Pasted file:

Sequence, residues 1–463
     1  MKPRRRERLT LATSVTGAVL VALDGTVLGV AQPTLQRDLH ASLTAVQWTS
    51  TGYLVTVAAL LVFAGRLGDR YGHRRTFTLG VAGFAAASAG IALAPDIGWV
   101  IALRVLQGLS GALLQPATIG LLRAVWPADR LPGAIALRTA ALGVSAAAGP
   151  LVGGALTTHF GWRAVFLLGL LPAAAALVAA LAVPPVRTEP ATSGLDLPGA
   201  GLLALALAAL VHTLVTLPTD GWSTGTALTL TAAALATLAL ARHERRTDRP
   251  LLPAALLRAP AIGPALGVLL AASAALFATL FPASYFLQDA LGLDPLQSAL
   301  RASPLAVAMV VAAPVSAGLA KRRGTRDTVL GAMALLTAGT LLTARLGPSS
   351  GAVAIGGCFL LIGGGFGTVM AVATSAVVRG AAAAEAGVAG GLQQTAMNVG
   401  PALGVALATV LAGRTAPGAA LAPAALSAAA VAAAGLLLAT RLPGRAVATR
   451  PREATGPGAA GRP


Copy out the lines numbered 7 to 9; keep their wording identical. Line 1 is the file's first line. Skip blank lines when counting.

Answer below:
   251  LLPAALLRAP AIGPALGVLL AASAALFATL FPASYFLQDA LGLDPLQSAL
   301  RASPLAVAMV VAAPVSAGLA KRRGTRDTVL GAMALLTAGT LLTARLGPSS
   351  GAVAIGGCFL LIGGGFGTVM AVATSAVVRG AAAAEAGVAG GLQQTAMNVG